Use of research evidence in practice

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We wish to comment on two aspects of Nancy Cartwright's thoughts about the use of the results of research to guide decisions in policy and practice.1<br />First, we believe that to imply that this challenge can be addressed by using individual studies as the starting point is incorrect. Only very rarely will the results of a single trial provide a sufficiently reliable guide for policy or practice. Single trials (or other studies) addressing a particular question usually have implications for research, not practice. Where more than one similar trial is available, the appropriate starting point for assessing applicability in practice should be systematic reviews of all the relevant individual studies.<br />Second, in trying to judge whether interventions studied in research “will work for us”, Cartwright, like many others, conceptualises the challenge as being to demonstrate that the characteristics and circumstances of the research are sufficiently similar to those to which extrapolation is being contemplated. But why should the challenge be conceptualised that way round? Why not instead ask “Are there any good reasons to believe that the research is not relevant to us, that ‘it won't work for us’?”2 If there are not, and considering the undesirable alternative ways of reaching a decision, the default position should be that the result should be regarded as applicable. Fletcher3 has made a similar point in relation to subgroup analyses, suggesting that a good working assumption is that the main result probably applies to everyone, unless good evidence exists to the contrary.<br />We declare that we have no conflicts of interest.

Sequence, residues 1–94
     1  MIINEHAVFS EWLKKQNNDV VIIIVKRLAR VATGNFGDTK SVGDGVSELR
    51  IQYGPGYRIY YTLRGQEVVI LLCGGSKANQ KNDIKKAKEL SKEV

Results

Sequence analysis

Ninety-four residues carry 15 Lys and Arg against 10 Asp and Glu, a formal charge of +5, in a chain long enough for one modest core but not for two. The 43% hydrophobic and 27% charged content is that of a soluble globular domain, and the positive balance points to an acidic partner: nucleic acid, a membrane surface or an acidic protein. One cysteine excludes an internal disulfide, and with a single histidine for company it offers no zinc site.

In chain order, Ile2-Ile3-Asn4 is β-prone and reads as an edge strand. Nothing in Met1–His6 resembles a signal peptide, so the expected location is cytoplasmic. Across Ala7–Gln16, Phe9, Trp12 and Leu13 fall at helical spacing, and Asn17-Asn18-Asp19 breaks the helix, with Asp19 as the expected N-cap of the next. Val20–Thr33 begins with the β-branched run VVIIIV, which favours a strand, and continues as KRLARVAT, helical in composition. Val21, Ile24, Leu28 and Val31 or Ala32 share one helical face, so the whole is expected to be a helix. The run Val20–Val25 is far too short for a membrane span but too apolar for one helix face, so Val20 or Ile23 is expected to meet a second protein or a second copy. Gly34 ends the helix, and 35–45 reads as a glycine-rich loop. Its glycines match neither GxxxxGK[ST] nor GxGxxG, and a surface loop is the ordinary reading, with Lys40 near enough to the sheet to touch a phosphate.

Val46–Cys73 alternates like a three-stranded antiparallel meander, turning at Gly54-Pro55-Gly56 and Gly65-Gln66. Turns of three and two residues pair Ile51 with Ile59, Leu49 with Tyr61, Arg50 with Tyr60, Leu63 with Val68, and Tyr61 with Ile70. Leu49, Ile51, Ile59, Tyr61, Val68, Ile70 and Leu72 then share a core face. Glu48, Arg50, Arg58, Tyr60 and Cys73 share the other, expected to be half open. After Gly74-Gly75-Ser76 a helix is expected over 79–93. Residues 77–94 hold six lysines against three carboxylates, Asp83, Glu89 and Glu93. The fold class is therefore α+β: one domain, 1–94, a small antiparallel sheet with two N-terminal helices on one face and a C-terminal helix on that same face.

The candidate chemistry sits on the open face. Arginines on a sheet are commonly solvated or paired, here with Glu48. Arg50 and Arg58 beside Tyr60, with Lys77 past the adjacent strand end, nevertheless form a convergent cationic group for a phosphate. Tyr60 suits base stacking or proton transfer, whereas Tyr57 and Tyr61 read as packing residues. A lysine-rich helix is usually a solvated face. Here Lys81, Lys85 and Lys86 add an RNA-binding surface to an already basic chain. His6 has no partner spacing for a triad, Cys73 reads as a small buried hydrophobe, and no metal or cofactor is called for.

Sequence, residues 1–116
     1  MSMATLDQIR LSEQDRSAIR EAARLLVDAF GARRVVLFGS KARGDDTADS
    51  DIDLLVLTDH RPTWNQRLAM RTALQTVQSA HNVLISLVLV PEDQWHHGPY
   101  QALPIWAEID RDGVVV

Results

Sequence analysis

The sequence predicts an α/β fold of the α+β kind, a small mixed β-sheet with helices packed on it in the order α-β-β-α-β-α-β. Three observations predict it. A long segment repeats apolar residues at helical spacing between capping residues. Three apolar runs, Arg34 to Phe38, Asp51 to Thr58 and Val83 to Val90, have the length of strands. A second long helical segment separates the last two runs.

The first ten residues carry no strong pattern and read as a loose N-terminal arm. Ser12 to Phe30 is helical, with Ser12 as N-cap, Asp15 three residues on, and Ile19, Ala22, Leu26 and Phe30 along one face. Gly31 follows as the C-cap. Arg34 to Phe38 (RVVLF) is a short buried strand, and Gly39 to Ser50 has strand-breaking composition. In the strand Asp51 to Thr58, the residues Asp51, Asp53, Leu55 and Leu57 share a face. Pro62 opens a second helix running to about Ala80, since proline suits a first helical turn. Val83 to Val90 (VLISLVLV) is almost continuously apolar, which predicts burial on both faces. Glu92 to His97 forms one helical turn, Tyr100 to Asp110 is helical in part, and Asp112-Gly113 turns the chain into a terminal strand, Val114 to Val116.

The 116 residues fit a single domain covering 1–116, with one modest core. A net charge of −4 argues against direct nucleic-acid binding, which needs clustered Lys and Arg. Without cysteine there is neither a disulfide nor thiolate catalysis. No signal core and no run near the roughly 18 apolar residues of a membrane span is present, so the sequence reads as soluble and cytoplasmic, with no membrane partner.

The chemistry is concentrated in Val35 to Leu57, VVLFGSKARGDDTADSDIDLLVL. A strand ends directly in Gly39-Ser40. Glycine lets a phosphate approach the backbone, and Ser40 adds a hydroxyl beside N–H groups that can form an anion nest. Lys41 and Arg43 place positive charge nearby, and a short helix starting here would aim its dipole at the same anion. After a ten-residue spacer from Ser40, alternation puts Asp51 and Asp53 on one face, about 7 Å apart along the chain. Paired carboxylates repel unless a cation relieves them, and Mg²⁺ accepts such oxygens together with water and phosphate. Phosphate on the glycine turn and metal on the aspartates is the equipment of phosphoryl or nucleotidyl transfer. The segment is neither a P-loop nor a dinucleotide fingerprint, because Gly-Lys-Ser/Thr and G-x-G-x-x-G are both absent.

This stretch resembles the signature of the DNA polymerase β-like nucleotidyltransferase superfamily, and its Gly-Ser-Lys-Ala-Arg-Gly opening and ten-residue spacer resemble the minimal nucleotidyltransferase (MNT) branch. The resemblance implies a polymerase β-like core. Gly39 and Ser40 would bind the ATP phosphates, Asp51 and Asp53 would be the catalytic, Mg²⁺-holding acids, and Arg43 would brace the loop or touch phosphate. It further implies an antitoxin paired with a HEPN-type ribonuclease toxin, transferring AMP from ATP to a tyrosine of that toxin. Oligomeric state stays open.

Petticrew, M., & Chalmers, I. (2011, November 12). Use of research evidence in practice. The Lancet.

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